May 18, 2012

This paper is very bloggable

The US Government’s intervention in Chrysler LLC’s bankruptcy resulted in secured creditors receiving substantially less than the face value of their claims. In contrast, an unsecured creditor, the UAW, received substantial cash, notes, and equity in exchange for their claims. In this study, we examine the capital market consequences of the Government’s action in the Chrysler bankruptcy. Using several alternative measures of the cost of debt, including changes in spreads on new loans, bond returns, stock returns, and changes in credit default swap spreads, we provide evidence consistent with an increase in borrowing costs for firms that are seen to have weakened creditor rights as a result of the precedent set in the Chrysler bankruptcy. Our findings underscore the potential costs of government actions that increase uncertainty about the enforcement of creditor rights.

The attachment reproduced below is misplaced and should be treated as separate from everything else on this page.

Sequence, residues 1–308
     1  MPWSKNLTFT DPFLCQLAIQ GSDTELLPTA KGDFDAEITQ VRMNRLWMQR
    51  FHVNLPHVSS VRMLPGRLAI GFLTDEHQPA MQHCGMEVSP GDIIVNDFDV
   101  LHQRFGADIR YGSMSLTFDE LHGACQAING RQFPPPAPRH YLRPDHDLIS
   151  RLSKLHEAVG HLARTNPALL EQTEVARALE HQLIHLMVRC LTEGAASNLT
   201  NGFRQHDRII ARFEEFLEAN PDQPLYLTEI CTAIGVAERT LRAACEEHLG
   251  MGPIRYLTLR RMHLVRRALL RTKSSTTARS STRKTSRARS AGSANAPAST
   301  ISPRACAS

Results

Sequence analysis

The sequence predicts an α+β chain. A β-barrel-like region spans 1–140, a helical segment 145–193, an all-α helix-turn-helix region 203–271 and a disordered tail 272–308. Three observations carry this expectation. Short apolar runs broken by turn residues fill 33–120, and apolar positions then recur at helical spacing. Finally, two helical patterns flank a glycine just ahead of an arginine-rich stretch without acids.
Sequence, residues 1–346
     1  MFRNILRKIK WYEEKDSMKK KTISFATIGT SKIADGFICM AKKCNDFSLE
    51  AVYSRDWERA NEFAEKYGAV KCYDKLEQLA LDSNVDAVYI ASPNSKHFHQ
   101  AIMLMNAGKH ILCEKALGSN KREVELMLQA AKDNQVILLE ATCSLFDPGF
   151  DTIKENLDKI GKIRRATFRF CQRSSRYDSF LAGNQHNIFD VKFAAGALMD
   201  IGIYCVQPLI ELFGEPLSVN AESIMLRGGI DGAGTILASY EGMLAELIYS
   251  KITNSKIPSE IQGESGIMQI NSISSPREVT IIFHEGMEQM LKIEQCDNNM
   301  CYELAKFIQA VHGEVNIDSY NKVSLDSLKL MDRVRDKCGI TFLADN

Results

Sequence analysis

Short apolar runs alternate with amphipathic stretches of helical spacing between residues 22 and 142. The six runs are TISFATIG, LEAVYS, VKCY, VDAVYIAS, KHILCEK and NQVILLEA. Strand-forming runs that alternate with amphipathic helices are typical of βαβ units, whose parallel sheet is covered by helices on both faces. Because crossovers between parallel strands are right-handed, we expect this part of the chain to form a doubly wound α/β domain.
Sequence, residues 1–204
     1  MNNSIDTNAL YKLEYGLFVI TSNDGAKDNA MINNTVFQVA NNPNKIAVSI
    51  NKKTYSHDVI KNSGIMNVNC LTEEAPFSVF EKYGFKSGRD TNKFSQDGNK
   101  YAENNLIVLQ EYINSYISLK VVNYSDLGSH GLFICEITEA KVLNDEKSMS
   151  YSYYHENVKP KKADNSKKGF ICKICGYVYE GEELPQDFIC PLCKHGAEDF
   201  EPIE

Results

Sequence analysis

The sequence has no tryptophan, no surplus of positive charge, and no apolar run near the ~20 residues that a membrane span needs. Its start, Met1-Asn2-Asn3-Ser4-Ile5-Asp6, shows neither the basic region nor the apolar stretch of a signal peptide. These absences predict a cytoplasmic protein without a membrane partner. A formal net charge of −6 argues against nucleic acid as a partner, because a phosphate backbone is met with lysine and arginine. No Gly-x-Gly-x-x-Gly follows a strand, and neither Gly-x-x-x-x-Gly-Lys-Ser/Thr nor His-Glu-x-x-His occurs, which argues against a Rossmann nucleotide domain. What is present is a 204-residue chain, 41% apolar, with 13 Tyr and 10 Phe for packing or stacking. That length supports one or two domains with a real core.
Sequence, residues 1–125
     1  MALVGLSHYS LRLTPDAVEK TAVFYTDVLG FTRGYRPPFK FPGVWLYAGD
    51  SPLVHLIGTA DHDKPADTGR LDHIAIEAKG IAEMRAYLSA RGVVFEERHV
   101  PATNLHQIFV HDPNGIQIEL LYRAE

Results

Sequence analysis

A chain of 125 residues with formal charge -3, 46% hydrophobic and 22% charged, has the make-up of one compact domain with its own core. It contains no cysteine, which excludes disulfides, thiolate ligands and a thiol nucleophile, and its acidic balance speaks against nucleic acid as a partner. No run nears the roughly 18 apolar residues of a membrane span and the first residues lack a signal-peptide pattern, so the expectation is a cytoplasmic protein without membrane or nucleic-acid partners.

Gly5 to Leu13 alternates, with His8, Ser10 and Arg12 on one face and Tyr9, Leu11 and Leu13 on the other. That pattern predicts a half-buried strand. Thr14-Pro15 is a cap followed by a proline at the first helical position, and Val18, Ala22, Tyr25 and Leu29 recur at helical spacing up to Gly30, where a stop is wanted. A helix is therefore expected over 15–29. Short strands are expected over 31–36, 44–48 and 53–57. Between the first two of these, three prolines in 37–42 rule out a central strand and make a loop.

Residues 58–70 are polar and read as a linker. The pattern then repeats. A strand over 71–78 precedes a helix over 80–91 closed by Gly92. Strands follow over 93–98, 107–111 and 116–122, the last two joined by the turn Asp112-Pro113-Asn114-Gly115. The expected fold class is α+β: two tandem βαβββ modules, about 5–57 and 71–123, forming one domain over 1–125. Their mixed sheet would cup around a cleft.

The authors are Bradley S. Blaylock, Alexander S. Edwards, and Jared R. Stanfield. The title: Creditor Rights and Government Intervention (January 2012). 

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